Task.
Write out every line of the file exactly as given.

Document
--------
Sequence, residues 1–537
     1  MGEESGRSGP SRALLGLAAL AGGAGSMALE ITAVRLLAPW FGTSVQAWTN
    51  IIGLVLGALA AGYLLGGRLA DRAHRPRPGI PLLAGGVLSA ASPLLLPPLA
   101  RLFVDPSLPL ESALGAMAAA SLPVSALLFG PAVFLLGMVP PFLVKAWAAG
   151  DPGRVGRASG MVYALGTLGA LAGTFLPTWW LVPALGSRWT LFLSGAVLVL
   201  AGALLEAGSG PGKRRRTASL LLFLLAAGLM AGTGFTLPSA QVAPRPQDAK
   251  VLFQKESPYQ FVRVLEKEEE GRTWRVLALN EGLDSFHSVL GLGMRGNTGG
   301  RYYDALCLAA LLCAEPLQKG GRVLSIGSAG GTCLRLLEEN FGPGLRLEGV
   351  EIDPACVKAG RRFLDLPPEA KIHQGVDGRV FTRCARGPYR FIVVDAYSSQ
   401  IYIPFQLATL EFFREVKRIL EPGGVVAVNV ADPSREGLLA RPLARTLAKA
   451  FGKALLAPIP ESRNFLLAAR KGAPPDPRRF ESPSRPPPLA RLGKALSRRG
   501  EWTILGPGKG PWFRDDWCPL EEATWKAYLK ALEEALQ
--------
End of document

Sequence, residues 1–537
     1  MGEESGRSGP SRALLGLAAL AGGAGSMALE ITAVRLLAPW FGTSVQAWTN
    51  IIGLVLGALA AGYLLGGRLA DRAHRPRPGI PLLAGGVLSA ASPLLLPPLA
   101  RLFVDPSLPL ESALGAMAAA SLPVSALLFG PAVFLLGMVP PFLVKAWAAG
   151  DPGRVGRASG MVYALGTLGA LAGTFLPTWW LVPALGSRWT LFLSGAVLVL
   201  AGALLEAGSG PGKRRRTASL LLFLLAAGLM AGTGFTLPSA QVAPRPQDAK
   251  VLFQKESPYQ FVRVLEKEEE GRTWRVLALN EGLDSFHSVL GLGMRGNTGG
   301  RYYDALCLAA LLCAEPLQKG GRVLSIGSAG GTCLRLLEEN FGPGLRLEGV
   351  EIDPACVKAG RRFLDLPPEA KIHQGVDGRV FTRCARGPYR FIVVDAYSSQ
   401  IYIPFQLATL EFFREVKRIL EPGGVVAVNV ADPSREGLLA RPLARTLAKA
   451  FGKALLAPIP ESRNFLLAAR KGAPPDPRRF ESPSRPPPLA RLGKALSRRG
   501  EWTILGPGKG PWFRDDWCPL EEATWKAYLK ALEEALQ